• Climate-Friendly Architecture Thanks to Natural Folding Mechanisms

    Active components on buildings such as blinds whose design was copied from naturally occurring solutions — that is the subject of the research conducted by a team from the Technical University of Munich (TUM), the University of Freiburg, and the University of Stuttgart. The aim is to equip them with drive elements that can move without any electrical energy input. Serving as a model here are conifer pine cones, which utilize the varying swelling behaviors of their tissue to open when

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  • Stanford researchers test public receptiveness to different wind energy turbines

    With global carbon emissions on the rise, wind power continues to be an attractive option for states and countries looking to limit fossil fuel use and increase renewable energy. Wind already accounts for over 5 percent of electricity generation in the United States. However, a number of issues plague the low-carbon energy source, such as complaints from nearby residents about noise and the killing of hundreds of thousands of birds and bats each year that collide with turbine blades.

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  • A Tiny House Big on Style

    Three years ago, when Carleton architecture student and national team whitewater kayaker, Ben Hayward, took time off from his studies to train and compete in Europe in a bid to qualify for the 2016 Olympics in Rio, the cost of accommodation and travel was tough to manage on his amateur athlete’s budget.

    So Hayward bought a used flatbed truck for just over $2,000 and, with $7,500 in materials and help from a Welsh mechanic friend, built a 72-square-foot wooden camper with a small

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  • Cool Roofs Have Water Saving Benefits Too

    The energy and climate benefits of cool roofs have been well established: By reflecting rather than absorbing the sun’s energy, light-colored roofs keep buildings, cities, and even the entire planet cooler. Now a new study by the Department of Energy’s Lawrence Berkeley National Laboratory (Berkeley Lab) has found that cool roofs can also save water by reducing how much is needed for urban irrigation.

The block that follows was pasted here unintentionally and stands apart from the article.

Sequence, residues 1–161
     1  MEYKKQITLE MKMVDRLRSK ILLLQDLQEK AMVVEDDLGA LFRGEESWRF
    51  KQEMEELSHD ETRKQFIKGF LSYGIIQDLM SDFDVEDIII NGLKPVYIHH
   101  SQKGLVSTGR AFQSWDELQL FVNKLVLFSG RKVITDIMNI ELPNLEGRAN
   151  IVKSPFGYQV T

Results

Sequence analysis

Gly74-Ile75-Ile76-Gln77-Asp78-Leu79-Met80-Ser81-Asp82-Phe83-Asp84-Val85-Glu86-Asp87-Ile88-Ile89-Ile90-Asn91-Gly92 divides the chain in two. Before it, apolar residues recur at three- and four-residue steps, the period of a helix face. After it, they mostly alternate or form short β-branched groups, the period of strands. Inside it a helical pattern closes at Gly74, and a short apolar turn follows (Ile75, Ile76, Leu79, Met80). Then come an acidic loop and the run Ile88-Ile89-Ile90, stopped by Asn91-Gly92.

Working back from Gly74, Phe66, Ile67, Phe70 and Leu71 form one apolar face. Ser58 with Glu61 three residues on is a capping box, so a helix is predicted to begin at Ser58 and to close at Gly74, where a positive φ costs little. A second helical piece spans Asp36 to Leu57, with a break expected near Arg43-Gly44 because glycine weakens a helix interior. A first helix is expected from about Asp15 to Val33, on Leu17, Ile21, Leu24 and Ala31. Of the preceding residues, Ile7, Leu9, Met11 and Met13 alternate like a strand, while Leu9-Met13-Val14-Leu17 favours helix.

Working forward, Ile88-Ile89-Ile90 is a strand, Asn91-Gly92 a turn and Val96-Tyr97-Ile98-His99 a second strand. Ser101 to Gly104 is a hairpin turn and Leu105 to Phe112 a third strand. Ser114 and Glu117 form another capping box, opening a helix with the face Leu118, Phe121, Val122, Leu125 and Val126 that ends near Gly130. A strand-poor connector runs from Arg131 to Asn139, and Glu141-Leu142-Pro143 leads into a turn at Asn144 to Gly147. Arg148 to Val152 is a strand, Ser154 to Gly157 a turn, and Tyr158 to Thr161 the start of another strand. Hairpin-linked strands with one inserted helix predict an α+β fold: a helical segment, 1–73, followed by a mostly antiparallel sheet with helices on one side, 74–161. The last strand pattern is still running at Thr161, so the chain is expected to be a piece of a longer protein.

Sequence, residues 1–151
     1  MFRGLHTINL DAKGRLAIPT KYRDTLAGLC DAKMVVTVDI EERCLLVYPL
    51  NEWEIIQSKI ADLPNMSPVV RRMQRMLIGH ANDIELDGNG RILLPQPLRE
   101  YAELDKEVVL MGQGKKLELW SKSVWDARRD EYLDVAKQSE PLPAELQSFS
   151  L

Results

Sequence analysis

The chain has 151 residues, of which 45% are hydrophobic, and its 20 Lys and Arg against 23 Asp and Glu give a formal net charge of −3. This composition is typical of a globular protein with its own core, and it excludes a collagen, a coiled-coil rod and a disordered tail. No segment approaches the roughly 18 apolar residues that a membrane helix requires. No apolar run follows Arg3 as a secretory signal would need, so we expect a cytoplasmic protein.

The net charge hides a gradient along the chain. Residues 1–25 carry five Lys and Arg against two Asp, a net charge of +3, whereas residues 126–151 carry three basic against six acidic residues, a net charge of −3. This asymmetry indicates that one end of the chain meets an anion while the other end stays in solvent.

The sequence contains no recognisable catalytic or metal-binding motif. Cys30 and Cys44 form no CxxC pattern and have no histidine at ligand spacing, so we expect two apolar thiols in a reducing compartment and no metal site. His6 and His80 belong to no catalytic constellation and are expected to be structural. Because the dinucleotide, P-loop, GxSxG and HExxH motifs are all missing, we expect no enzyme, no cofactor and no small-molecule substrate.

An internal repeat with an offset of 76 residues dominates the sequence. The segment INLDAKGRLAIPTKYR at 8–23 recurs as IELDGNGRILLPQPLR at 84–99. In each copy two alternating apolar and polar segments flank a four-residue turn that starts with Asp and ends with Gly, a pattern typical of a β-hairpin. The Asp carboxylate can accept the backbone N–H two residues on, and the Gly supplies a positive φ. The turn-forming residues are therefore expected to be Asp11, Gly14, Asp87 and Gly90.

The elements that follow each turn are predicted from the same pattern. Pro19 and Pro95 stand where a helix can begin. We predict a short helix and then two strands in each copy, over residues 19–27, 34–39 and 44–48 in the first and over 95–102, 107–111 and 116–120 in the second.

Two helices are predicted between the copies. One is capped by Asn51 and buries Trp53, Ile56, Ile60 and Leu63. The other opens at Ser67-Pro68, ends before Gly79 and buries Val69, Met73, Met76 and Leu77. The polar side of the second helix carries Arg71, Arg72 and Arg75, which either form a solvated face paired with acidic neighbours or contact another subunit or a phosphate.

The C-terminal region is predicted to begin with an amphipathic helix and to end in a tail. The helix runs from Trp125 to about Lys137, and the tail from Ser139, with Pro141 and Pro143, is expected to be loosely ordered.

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  • New biomass plant to cut Simon Fraser University's greenhouse gases by two-thirds

    A new project at Simon Fraser University (SFU) will soon divert wood waste from the landfill and help reduce greenhouse gasses at the University.

    SFU and SFU Community Trust are collaborating with Corix Multi-Utility Services Inc., on a $33-million community-based biomass project called the Burnaby Mountain District Energy Utility (BMDEU).

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  • AIM to Grow Conference held on the Agricultural Campus

    The Dalhousie University Faculty of Agriculture, the Government of the Netherlands and a group of Dutch agri-food companies, Greenhouse industries and organizations, are teaming up to explore the possibilities of supporting more local food production and related R&D using innovative Controlled Environment Agriculture in Atlantic Canada.

    Controlled-environment agriculture (CEA) is a technology-based approach toward food production. The aim is to provide protection and maintain

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  • Sustainable Engineering Solutions for Water and Energy

    Onita Basu still vividly remembers the exact moment she decided to devote her career to sustainable water solutions and practices.

    “I was in a second-year Chemical Engineering lab working with a solution of water that looked relatively clean,” she recalls. “When I passed the water through a treatment process I was shocked to see an incredible amount of dissolved copper emerge from the solution and begin coating onto various surfaces. It was an eye-opening experience

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  • Biomimicry = Return on Inspiration

    It seems so obvious now: innovators are turning to nature for inspiration in building, chemistry, agriculture, energy, health, transportation, computing–even the design of organizations and cities. Biomimicry is taught from kindergarten to university and practiced in all scales of enterprise.

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  • Sustainable food startup looks north through non-profit partnership

    A University of Toronto startup that sells vertical hydroponic growing systems has joined forces with a Ryerson University-linked non-profit to bring down the stratospheric cost of fresh fruits and vegetables in Canada’s northernmost communities.

    The unique partnership was forged at this year’s OCE innovation conference after Conner Tidd, a co-founder of U of T’s Just Vertical, ran into the founders of Ryerson’s Growing North. Tidd knew Growing North had built

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  • New USGS Filter Removes Phosphorus from Waste Water

    A tabletop water filter demo designed to remove phosphorus from waste water has in five-years grown into a fully functional water treatment system capable of filtering more than 100-thousand gallons per day.

    Designed by a small U.S. Geological Survey team, this cost-effective and environmentally friendly water filter system uses discarded mining byproducts, called mine drainage ochre, as the primary filtering agent to remove phosphorus from municipal and agricultural waste waters.

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